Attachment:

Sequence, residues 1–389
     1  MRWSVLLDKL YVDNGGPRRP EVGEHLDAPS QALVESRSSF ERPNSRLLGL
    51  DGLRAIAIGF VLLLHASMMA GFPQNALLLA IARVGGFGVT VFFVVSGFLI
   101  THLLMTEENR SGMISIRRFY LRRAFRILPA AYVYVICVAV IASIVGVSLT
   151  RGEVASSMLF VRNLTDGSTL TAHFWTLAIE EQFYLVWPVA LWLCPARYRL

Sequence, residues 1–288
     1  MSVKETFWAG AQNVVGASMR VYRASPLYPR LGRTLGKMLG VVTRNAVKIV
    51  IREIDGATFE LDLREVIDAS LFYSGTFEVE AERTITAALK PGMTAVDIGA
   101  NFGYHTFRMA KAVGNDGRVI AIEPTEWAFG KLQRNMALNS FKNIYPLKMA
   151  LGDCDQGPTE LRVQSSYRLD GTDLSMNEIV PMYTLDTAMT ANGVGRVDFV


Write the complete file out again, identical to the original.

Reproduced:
Sequence, residues 1–389
     1  MRWSVLLDKL YVDNGGPRRP EVGEHLDAPS QALVESRSSF ERPNSRLLGL
    51  DGLRAIAIGF VLLLHASMMA GFPQNALLLA IARVGGFGVT VFFVVSGFLI
   101  THLLMTEENR SGMISIRRFY LRRAFRILPA AYVYVICVAV IASIVGVSLT
   151  RGEVASSMLF VRNLTDGSTL TAHFWTLAIE EQFYLVWPVA LWLCPARYRL

Sequence, residues 1–288
     1  MSVKETFWAG AQNVVGASMR VYRASPLYPR LGRTLGKMLG VVTRNAVKIV
    51  IREIDGATFE LDLREVIDAS LFYSGTFEVE AERTITAALK PGMTAVDIGA
   101  NFGYHTFRMA KAVGNDGRVI AIEPTEWAFG KLQRNMALNS FKNIYPLKMA
   151  LGDCDQGPTE LRVQSSYRLD GTDLSMNEIV PMYTLDTAMT ANGVGRVDFV